THE BEST AMERICAN SHORT STORIES 2001
Barbara Kingsolver, , series editor. . Houghton Mifflin, $27.50 (400pp) ISBN 978-0-395-92688-8
If the 20 stories in this year's collection have any one thing in common, it is their substance and seriousness of purpose. This is mostly a good thing—entries by veteran writers like Alice Munro, John Updike and Annette Sanford, and by relative newcomers like Andrea Barrett, Barbara Klein Moss and Peter Orner are intellectually stimulating and satisfying—but the inclusion of a few lighter selections might have leavened the mix. Munro is her usual magical self in "Post and Beam," in which a young Vancouver wife comes to terms with the immutability of married life. Ha Jin, in "After Cowboy Chicken Came to Town," tells of the impact an American fast food franchise in China has on both employees and customers, imparting a number of reasons why East and West will never see eye to eye. "Servants of the Map," the extraordinary novella- length story by Barrett, tells the tale of an English mapmaker in 1860s India struggling with his demanding job, loneliness and, most of all, his unquenchable desire to be a botanist. In Orner's brief tale, "The Raft," a grandfather ushers his grandson into a closet to tell him an old WWII story in a new way. Sanford's contribution—short, too—tells how a 16-year-old girl seemingly doing nothing for the summer is preparing for adult life. The careful character development, subtle drama and pristine prose of these selections should once again thoroughly satisfy fans of quality short fiction.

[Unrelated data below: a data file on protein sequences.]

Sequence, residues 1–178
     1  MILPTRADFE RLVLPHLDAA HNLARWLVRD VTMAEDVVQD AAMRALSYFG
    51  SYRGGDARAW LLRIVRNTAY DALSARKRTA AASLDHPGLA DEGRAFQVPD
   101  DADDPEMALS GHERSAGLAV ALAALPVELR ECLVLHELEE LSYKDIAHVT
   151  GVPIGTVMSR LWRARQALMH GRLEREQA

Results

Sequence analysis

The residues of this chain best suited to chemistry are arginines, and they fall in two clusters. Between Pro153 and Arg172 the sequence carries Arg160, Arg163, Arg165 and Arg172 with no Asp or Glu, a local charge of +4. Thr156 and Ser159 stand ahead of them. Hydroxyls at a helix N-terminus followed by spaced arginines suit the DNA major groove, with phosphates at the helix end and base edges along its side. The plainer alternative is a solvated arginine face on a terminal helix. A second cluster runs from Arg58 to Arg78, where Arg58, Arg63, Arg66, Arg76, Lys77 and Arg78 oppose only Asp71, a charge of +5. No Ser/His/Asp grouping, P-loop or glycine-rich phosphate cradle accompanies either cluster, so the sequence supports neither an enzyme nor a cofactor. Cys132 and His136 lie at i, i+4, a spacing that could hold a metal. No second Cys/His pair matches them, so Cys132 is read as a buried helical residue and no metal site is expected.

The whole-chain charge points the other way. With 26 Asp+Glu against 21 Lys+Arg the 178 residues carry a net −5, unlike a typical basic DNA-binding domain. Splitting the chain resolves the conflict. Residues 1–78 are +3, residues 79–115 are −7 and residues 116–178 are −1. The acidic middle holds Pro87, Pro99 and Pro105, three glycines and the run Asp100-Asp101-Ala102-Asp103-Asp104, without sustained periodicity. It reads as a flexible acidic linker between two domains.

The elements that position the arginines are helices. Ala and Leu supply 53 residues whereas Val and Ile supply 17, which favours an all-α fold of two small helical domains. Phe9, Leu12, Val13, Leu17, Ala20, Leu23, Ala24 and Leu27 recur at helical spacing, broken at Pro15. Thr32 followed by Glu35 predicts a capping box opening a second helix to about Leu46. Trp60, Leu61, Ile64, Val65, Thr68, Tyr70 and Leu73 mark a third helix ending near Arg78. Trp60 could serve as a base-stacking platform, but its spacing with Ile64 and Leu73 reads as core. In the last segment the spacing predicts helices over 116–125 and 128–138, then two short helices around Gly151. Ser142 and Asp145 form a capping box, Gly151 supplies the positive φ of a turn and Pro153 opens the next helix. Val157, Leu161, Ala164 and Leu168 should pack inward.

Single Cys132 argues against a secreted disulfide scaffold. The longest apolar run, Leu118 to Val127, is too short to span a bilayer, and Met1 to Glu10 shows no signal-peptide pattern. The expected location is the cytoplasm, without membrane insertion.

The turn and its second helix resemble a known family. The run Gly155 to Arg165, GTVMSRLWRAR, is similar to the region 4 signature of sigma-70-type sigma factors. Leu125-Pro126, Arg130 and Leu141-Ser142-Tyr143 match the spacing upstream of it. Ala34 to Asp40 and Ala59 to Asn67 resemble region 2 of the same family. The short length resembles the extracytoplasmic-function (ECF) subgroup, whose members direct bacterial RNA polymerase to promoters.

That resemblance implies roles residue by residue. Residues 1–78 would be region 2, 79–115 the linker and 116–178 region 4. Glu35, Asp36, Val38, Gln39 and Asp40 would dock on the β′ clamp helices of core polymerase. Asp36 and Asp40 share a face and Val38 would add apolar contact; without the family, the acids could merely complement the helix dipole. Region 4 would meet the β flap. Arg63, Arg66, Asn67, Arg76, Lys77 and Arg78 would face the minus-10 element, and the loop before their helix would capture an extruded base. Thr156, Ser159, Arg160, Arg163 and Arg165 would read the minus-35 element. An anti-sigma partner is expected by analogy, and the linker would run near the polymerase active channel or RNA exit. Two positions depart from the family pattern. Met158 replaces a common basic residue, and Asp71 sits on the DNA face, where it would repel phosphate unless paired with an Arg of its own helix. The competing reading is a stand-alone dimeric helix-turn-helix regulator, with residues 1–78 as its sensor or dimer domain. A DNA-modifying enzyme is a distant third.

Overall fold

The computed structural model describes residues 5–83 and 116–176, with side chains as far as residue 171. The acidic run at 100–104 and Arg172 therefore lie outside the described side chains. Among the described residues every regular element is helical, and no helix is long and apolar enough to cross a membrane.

Reviewed on: 09/03/2001